- Pentire Cornwall
From just above New Polzeath the National Trust
owns some 700 acres of coast and farm land. The most striking features are the great headlands, or points, of Pentire and The Rumps.
There are fine views from Pentire Point south and southwest to Stepper Point and Trevose Head, while to the north-east the view on
clear days is to Hartland Point. It is difficult to imagine that the land round which one now walks so freely was once divided into building plots, and was saved only by public appeal in 1936.
Off the coast lie the small islands of Newland and the Mouls. Formed, like Pentire, of solidified lava, they are home to puffins and
grey seals. The Mouls is the nearest to the coast, lying just off Rumps Point where the
defences of an Iron Age fort are still visible.
The attractive walks on the Pentire headland lead the walker over good paths through
beautifully maintained farms and across cliffs carpeted with short turf and bracken. Foxgloves, red campion and poppies add to the pleasure of these walks, while past Doyden Castle, an I 830s folly perched on the cliff edge, lies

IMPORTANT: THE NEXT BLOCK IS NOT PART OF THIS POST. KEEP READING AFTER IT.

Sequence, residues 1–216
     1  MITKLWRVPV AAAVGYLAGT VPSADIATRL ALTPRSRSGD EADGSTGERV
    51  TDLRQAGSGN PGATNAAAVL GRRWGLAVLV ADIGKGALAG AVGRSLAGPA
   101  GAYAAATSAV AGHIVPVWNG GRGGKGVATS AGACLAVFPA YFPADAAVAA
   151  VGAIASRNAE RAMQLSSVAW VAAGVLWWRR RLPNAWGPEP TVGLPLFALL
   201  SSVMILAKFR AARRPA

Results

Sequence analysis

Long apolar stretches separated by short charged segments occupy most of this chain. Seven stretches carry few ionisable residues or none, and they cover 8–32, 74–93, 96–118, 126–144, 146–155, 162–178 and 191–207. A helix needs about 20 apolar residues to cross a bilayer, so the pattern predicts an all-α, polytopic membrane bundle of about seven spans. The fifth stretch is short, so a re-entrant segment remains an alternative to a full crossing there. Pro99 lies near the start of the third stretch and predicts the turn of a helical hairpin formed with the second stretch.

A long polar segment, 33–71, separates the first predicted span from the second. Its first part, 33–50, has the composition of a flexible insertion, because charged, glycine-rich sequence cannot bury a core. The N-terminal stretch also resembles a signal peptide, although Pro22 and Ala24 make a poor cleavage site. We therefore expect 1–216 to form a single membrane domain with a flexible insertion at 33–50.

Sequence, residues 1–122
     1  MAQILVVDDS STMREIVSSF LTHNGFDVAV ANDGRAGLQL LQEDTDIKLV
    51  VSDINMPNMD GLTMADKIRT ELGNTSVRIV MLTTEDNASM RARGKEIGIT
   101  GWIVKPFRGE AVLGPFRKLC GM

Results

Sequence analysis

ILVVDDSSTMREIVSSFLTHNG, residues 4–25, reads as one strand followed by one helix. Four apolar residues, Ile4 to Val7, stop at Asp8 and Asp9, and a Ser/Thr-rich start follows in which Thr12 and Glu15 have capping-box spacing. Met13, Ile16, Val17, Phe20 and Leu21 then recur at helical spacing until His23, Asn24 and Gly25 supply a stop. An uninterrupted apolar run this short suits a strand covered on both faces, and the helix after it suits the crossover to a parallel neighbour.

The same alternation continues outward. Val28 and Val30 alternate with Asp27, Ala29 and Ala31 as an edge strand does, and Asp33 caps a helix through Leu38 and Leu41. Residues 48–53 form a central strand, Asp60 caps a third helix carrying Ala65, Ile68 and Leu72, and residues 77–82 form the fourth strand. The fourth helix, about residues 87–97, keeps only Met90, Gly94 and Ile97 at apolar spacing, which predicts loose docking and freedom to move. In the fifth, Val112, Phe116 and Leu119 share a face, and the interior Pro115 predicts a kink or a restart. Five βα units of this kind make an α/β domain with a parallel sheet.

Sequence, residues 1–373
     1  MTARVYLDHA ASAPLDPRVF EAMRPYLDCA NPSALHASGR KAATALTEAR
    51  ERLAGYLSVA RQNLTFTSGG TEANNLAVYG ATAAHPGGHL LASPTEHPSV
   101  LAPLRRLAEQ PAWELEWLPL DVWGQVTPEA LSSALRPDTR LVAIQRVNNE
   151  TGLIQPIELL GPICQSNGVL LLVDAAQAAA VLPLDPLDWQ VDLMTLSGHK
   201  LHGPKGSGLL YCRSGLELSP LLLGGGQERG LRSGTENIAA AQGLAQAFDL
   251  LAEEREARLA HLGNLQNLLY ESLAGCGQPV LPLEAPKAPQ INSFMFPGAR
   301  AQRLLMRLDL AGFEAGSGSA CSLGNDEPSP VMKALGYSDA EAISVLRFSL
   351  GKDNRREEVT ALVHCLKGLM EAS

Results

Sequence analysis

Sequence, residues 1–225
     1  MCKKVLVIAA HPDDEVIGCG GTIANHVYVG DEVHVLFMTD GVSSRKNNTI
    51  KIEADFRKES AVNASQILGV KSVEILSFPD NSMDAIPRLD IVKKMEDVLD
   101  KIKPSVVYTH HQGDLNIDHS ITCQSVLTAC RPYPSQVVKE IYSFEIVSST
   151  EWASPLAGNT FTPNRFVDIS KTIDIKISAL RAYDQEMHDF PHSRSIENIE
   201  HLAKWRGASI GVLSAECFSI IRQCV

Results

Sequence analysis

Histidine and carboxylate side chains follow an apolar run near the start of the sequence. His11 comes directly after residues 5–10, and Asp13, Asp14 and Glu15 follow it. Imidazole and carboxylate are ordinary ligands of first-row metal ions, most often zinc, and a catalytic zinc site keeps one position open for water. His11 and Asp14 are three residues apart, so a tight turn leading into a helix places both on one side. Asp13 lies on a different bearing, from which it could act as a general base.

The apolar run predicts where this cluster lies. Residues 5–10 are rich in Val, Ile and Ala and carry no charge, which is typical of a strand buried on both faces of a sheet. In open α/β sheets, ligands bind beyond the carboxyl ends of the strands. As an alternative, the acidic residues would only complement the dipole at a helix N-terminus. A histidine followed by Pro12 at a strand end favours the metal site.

Port Quin, a film makerís dream Cornish fishing village. However, appearances are often deceptive - it is not a fishing village, and the old story of the lost fishing fleet of Portquin is merely a legend.
- Local towns and villages to visit..
- Port Isaac
- Sea Fishing in
Newquay from the Camel Estuary and beach at Perranporth. Shark
fishing can be arranged from Newquay.
- Sailing on the Camel Estuary. Harbour authorities
should be consulted about off shore sailing.
- Newquay is the main centre. Surf-boards can be
hired on all the main beaches. Championships are often held at